Under the third round of the US government’s industry support, American Airlines and its wholly-owned regional subsidiaries will receive over $3.3 billion in payroll support. The financial support will pay for employee wages and will prevent involuntary leave of absence and layoffs through at least September 30th. The airline has already been paid the first disbursement.

American Airlines announced on Monday, an agreement with the US Department of Treasury to a third round of monetary aid under the Payroll Support Program (PSP). The third round was funded under the American Rescue Plan Act of 2021.

American Airlines, along with its wholly-owned subsidiaries, Envoy Air, Piedmont Airlines, and PSA Airlines, will receive a total of $3,310.9 million ($3.3 billion). On April 23, the first payment of $1,655.4 million (~$1.7 billion) was paid out to the airline.

In accordance with the condition of the agreement, American and its wholly-owned subsidiaries must use the money to pay employee wages, salaries, and benefits. The airline shall not conduct any involuntary furloughs and reductions in salaries and benefits through at least September 30th, 2021. Furthermore, there are restrictions on share repurchases and dividend payouts until September 30th, 2022, and restrictions on certain executive compensation through April 1st, 2023.

The first round of government support was arguably the most significant round. American Airlines received around $5.8 billion in payroll support from the Treasury, under this round after US airlines and their respective lobbying organizations pressured politicians for industry support.

The Department of Transportation (DOT) was given the power to operate minimum airline frequencies and city services with the first round of support. US carriers of all sizes sought exemptions, but the DOT was strict about which ones it allowed. American Airlines received service exemptions although this was only to a few of destinations.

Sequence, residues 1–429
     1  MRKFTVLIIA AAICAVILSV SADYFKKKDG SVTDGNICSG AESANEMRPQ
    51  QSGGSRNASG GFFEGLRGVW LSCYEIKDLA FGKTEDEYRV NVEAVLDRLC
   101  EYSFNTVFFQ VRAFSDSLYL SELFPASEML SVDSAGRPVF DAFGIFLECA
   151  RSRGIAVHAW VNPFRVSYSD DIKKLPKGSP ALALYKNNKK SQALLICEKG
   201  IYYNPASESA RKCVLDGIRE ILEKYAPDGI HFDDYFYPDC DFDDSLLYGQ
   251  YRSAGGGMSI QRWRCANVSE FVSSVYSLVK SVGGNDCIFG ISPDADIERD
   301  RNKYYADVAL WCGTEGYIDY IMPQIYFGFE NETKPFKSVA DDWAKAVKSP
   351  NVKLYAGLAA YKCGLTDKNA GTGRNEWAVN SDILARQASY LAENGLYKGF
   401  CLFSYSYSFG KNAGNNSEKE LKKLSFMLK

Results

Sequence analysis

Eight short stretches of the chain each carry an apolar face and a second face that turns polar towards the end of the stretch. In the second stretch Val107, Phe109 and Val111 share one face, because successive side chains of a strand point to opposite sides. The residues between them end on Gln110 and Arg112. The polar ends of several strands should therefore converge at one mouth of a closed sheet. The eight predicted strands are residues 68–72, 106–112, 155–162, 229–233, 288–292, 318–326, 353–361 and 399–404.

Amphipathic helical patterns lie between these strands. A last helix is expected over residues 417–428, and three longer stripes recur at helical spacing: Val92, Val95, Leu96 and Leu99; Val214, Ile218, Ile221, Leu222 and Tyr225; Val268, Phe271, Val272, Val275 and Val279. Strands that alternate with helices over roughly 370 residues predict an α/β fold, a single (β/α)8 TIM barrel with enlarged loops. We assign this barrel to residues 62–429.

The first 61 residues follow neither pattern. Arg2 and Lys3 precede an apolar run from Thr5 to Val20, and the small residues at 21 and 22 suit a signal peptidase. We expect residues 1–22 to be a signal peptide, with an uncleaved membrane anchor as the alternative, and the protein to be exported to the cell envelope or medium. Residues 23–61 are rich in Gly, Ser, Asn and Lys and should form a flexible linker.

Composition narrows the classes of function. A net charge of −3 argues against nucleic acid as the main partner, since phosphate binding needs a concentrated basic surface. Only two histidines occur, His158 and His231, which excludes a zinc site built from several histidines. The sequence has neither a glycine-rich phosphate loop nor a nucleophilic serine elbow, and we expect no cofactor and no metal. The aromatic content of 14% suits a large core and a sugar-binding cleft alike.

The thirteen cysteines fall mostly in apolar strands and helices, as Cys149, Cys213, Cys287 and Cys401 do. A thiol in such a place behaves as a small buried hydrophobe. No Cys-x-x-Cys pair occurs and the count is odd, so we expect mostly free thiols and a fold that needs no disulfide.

In December 2020, a relief bill was passed for the second round of support. This left a few months of a gap where the airline industry did not receive financial aid. However, before the end of 2020, industry lobbying paid off when the second round of support was officially passed.

On April 23, the third instalment under the second round of support was only paid out in the sum of $463 million.

The airline has a large number of employees that it uses to run a heavy domestic and long-haul international schedule. The struggle for the airline ever since the pandemic outbreak was that it did not require its full staffing levels. Government support played a great deal in allowing airline staff to keep their jobs through these difficult times.


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